A couple years ago, I discovered that people play Dungeons & Dragons online, and stream it to the world. I was first introduced to this by Twitch streamer ItmeJP, and his show, Rollplay. I quickly became obsessed with a couple of the campaigns he had going, and soon I was on the hunt for more streams, more D&D, to watch.
One of my favorite YouTube channels, Geek & Sundry, had quietly started their own D&D broadcast called Critical Role that I wasn’t aware of until I began my hunt for more shows. I was hesitant at first, as I was used to the style of presentation and roleplaying from JP’s shows, so I made a deal with myself to watch the first episode. If I didn’t like it, I’d go find something else to watch.
I began at episode one, and I found myself immediately drawn to the striking redhead with the huge smile and great laugh. After fawning for the first half an hour (ok, it was the whole first episode), I began to pay closer attention to the character interactions. They were not the same as they were on Rollplay, not taking anything from the quality of RP from those players, of course. This show was far more intense, smoother, and seemed almost like an improv play.
I fell in love immediately. I binged every episode there was at the time until I caught up with the live show, around episode 55. I could not stop. And the more I watched, the more I realized that the striking redhead and her character were affecting me far more than I realized.
That redhead is Marisha Ray, a talented voice actor, producer, and currently the creative director for Geek & Sundry. And her character was Keyleth, an awkward half-elf druid with social anxiety and a general naivete about the world.
To understand my kinship with Keyleth, one must know her general backstory. She was the prodigal daughter of the leader of the Air Ashari, destined to become The Voice of the Tempest and lead her people. Sheltered from the outside world for most of her life, Keyleth left her tribe to fulfill her Aramente, the trials and tribulations that would prepare her to become a leader. While on this journey, she met the rest of the crew of Vox Machina, and the rest is history.
Marisha beautifully played Keyleth as the optimistic, yet naive, voice of positivity and reason for the first part of the campaign. Over the course of time, however, Keyleth had to face the fact that the world was far more cruel than anyone ever told her, and spent a great deal of the middle part of the campaign angry at the world, questioning whether saving it was worth the effort. As the campaign drew to a close, Keyleth came to the realization that even though the world was shit, there were still reasons to keep it around. Her personal journey from awkward prodigy to seasoned and wise leader was the result of this enlightenment.
The reasons why Keyleth resonated with me more than the other members of the group was that her journey often reminded me of my own. I grew up the oldest child of three, anointed “the future doctor” by my mother, and grew up to be exactly not that. My parents did the best they could, but because of a rowdy younger brother, I was often left to my own devices, charged with learning things on my own.
I lived a generally sheltered life until my late teens. I never had a car nor a license until I was 19. My first job at 16 was at the grocery store my mom frequented. I never really went places with my friends because it was always embarrassing to rely on my parents for rides.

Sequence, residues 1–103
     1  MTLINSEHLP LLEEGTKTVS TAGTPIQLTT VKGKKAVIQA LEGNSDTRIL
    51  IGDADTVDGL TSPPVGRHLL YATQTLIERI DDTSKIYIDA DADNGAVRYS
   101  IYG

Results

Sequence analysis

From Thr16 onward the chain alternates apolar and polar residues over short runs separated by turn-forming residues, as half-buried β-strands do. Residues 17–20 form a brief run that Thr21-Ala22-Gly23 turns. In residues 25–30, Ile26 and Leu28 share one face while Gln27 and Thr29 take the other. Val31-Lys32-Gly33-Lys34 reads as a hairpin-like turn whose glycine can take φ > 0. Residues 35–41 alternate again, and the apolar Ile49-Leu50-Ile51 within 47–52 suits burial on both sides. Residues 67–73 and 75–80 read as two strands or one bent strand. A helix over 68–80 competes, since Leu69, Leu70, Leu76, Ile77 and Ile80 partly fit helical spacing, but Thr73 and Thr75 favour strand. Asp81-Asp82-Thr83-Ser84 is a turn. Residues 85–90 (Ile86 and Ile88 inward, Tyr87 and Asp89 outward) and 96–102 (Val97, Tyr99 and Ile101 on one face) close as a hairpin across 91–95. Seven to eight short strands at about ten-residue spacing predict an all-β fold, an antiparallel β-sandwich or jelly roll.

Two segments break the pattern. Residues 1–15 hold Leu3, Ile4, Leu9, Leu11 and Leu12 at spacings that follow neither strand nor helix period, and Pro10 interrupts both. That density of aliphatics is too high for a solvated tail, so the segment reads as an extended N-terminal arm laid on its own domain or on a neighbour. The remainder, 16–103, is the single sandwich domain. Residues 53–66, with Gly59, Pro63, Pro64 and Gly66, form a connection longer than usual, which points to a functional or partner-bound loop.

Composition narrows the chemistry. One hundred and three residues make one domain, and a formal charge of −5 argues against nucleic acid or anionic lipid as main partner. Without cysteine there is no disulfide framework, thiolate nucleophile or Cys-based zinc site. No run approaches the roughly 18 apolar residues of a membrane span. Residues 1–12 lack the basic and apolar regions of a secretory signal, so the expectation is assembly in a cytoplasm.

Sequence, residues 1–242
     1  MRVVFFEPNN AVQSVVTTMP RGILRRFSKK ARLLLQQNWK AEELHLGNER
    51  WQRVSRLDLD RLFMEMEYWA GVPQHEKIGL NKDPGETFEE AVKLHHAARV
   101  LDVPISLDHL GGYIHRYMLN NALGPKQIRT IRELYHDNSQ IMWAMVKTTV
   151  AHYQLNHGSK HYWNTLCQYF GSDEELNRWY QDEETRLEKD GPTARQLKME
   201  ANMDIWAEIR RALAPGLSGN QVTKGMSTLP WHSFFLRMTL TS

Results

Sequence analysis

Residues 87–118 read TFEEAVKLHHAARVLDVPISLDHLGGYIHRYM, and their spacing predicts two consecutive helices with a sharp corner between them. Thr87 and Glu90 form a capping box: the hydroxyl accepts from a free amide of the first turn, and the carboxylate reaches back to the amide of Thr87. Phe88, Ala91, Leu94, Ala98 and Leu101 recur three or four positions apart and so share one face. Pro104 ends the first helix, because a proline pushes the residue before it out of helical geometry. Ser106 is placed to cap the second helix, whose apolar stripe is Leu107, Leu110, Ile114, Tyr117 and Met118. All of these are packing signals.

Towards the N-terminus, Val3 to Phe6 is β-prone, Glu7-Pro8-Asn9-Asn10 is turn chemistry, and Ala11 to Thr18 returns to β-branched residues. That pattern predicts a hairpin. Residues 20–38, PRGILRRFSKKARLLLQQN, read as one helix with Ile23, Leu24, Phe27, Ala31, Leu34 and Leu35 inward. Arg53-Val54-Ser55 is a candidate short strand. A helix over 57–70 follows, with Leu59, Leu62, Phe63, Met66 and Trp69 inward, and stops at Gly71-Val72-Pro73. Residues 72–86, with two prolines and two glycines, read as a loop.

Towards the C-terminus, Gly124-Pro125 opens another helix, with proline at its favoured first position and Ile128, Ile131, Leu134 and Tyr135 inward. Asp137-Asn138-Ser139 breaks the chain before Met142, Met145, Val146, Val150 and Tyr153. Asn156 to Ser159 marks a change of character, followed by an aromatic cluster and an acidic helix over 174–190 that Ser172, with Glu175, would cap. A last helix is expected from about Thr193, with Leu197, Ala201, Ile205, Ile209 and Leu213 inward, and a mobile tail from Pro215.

All of this changed in my late teens. My parents separated, and I lived with my dad while my mom moved out of state. Then the worst possible thing occurred: my father was killed in a car accident. Suddenly, at 19, I was thrust into an adult world I really had no preparation for. My childhood optimism was quickly replaced by anger, frustration, and loneliness. I went into a deep depression, and found myself seeking the safety of my mother’s home. I moved to Florida with her to get some sense of order back into my life.
I figured my depression and anger would subside now that I had my mom around again. However, a seemingly normal Tuesday morning in September found me, my mother, and my aunt watching planes slam into the World Trade Center. Witnessing such a thing only fueled my rage for the world around me even more. I treated my rage and depression by drinking a lot and trying to be anywhere but home, in hopes of getting some much needed life experience.
However, my social anxiety started creeping up around this time. While I did make friends, I had very little in terms of romantic relationships. I drank to have fun, to forget I lived in a horrible world, and to find some semblance of courage to talk to other humans.
At 27, I began to accept the person I was. My anger had led me to atheism, but the more I learned about it, as well as humanism, the more I started to feel again. My dark outlook on life was slowly lifting, and by 30, I had come to accept that the world was screwed up on the whole, but there were parts that need preservation.
I’m now 36. My mind has been opened to so many things. I find fascination in people again, I love to learn, and now thanks to Critical Role, I’ve found a passion for roleplaying and storytelling that I never knew I could have. And seeing one of the characters go through similar things I did helps to get over the anger and despair. I’m still working on it, but each day is brighter than the last.
I will miss Keyleth dearly. She is my spirit animal, no matter what beast shape she may take. Marisha will always have my support in everything she does. I appreciate her emotional, authentic portrayal of the struggles with anger, pessimism, and cynicism about our world. She made me see that there is a world worth saving, and that the effort to make the world better is necessary and effective.
Thanks, Marisha. I can’t wait for the new campaign.